Bankers have adopted a more skeptical attitude toward lending in Africa, but they are still lured by the continent's promise of vast mineral and agricultural potential, according to those interviewed at the recently concluded meeting here of the African Development Bank.
Scores of bankers flock each year to the annual general meeting of the development bank--the highlight of banking activity in Africa--to get the chance to hobnob with finance ministers in the corridors and swap views with peers. This year, the observers were fewer and their approach markedly more cautious, but the message was clear: Many banks still want to do business in Africa.
"Africa's not a good risk now. Most United States banks are taking a conservative stand," said Antonin Pujos, a vice president of First National Bank of Chicago. "But it's the last exciting continent. Everything's constantly changing--from governments to commodity prices," he added, underlining the ambivalent philosophy that prevails.
"There's a great role to play, but not as we did in the past. We were giving money without paying attention to how it was used. Now we are going to scrutinize projects closely. Bankers will no longer throw their money around in these countries. We'll want to put money in projects that generate foreign exchange so that they can pay their loans back," he said.
Bankers were reluctant to give their views of Africa's credit risk rating, but some admitted that it is the weakest of all the continents. Lending from the commercial capital markets took on a new intensity in the late 1970s as banks sought to cash in on Nigeria's oil boom and moved on to other countries for profitable spinoffs.
Commercial financial institutions became an important source of capital as their lending grew by about 80 percent a year. Since 1978 they have provided more than 40 percent of the money that flowed into black Africa. By comparison, the figure in 1970 was 3 percent.
Since then, the economies of most black African states have been dragged down by the high interest rates on loans and a global recession that dampened demand for the continent's raw materials. As a result, many countries have been forced to reschedule their debts. This year six countries have sought refinancing.
Now banks, locked into longer debt repayment schedules, are faced with the dilemma of either lending more money to help ailing economies or refraining from further activity.
"We are here because we are in," shrugged a U.S. banker. "We are not only collecting. We must continue to do business carefully. We are part and parcel of Africa."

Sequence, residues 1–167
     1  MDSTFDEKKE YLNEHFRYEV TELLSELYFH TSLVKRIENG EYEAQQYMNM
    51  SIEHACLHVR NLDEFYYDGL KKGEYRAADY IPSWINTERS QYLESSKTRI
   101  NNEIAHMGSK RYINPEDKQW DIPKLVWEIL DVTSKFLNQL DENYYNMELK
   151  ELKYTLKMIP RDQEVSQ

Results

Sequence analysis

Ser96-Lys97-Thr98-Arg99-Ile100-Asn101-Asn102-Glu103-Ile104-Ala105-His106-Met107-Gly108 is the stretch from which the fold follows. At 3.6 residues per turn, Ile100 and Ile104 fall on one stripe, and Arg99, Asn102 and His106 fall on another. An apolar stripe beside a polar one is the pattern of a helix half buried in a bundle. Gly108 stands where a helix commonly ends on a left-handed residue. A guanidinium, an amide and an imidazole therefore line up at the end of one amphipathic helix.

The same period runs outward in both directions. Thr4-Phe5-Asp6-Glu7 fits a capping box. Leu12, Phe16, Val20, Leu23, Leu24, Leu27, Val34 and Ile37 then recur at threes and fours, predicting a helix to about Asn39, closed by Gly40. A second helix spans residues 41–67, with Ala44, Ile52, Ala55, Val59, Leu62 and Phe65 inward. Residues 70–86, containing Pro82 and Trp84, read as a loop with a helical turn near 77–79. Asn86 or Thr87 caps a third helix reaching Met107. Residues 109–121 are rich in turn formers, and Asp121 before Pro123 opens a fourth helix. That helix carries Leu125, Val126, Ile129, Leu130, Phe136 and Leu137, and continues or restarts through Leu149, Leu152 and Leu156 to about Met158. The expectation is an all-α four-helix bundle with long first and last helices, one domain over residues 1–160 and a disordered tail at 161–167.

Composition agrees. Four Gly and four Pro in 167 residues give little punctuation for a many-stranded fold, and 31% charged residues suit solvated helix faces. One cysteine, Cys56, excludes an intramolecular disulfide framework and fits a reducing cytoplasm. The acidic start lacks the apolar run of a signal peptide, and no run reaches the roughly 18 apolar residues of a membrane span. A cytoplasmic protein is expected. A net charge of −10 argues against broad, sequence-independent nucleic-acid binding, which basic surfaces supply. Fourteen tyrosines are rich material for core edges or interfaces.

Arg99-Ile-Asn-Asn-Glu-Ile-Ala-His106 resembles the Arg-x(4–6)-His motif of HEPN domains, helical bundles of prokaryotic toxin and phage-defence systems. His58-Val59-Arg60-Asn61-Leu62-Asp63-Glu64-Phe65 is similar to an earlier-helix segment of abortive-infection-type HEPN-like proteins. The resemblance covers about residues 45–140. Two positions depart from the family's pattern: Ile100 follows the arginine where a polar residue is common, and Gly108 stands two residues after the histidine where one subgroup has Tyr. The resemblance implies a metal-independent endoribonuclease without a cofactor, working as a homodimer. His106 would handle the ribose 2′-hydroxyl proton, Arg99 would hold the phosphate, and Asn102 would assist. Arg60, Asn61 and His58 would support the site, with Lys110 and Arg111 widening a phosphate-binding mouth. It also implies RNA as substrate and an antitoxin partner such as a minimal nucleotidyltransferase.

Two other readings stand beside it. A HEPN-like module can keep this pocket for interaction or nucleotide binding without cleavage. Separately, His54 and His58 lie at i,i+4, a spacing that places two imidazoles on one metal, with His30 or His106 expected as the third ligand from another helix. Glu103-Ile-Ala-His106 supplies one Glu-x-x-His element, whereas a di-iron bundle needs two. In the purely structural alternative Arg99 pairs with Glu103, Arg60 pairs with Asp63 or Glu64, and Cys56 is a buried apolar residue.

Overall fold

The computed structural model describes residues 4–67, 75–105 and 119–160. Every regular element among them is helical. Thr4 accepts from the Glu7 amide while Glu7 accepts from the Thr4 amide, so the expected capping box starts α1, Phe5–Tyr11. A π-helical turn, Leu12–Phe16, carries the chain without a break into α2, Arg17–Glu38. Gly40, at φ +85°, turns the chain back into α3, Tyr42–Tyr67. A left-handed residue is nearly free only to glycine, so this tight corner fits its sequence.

Others are more upbeat about the long-term prospects the continent offers. In the view of Jim Conrow, a director in the U.S. Treasury's Office of Multilateral Development Banks, "With the turnaround in the U.S. economy we hope there will be an increase in demand in their raw materials and minerals and with that you'll see the commercial banks come in."
The banks that have opted for commitment are revising their procedures and giving more weight to political analysis in this continent where coups are a common occurrence.
In an effort to obtain accurate figures--many countries' national statistics are out of date or even downright misleading--they also are pooling information among themselves.
"What we are looking at now in a much more intense manner is the erosion of government machinery, one banker said. "A country can be poor but well managed, such as Ethiopia or Malawi. It doesn't help if the country has minerals in the ground if it is far from getting them developed. This decay is a general management issue and major point of country risk," he said.
Many bankers believe that sound administrative methods will turn Africa's debt problems into a transient phase. From this perception has emerged a new breed of national finance managers whose aim is to get their clients' debt profile in line with expected revenue.
The British merchant bank Morgan Grenfell and a syndicate of the United States' Kuhn Loeb Lehman Brothers International, France's Lazard Freres and Britain's Warburgs are discreetly acting as financial advisers to about 10 debt-plagued African nations.
The syndicate now is sorting out the financial entanglements of Nigeria, Senegal, Congo and several other African countries.
" . . . .Under certain circumstances, it can make a great deal of sense for governments to turn to specialized financial advice, as do large financial corporations. If we can help a government to put its finances into regular order, that can hasten economic recovery and new investment," said Richard Moose, of Kuhn Loeb Lehman, who was assistant secretary of state for African affairs during the Carter administration.
"But our function is in no way to make the world safer for more loans," he cautioned. "Our main work is to assist governments in maintaining their financial credibility. . . ."
Morgan Grenfell, which advises Uganda and Sudan, sifted through central bank statistics in Sudan and came up with a foreign debt figure twice as high as the Sudanese thought they had. As a result of this information and Morgan Grenfell's guidance during negotiations, Sudan has just received a 16-year rescheduling of its debt obligations to concessionary lenders.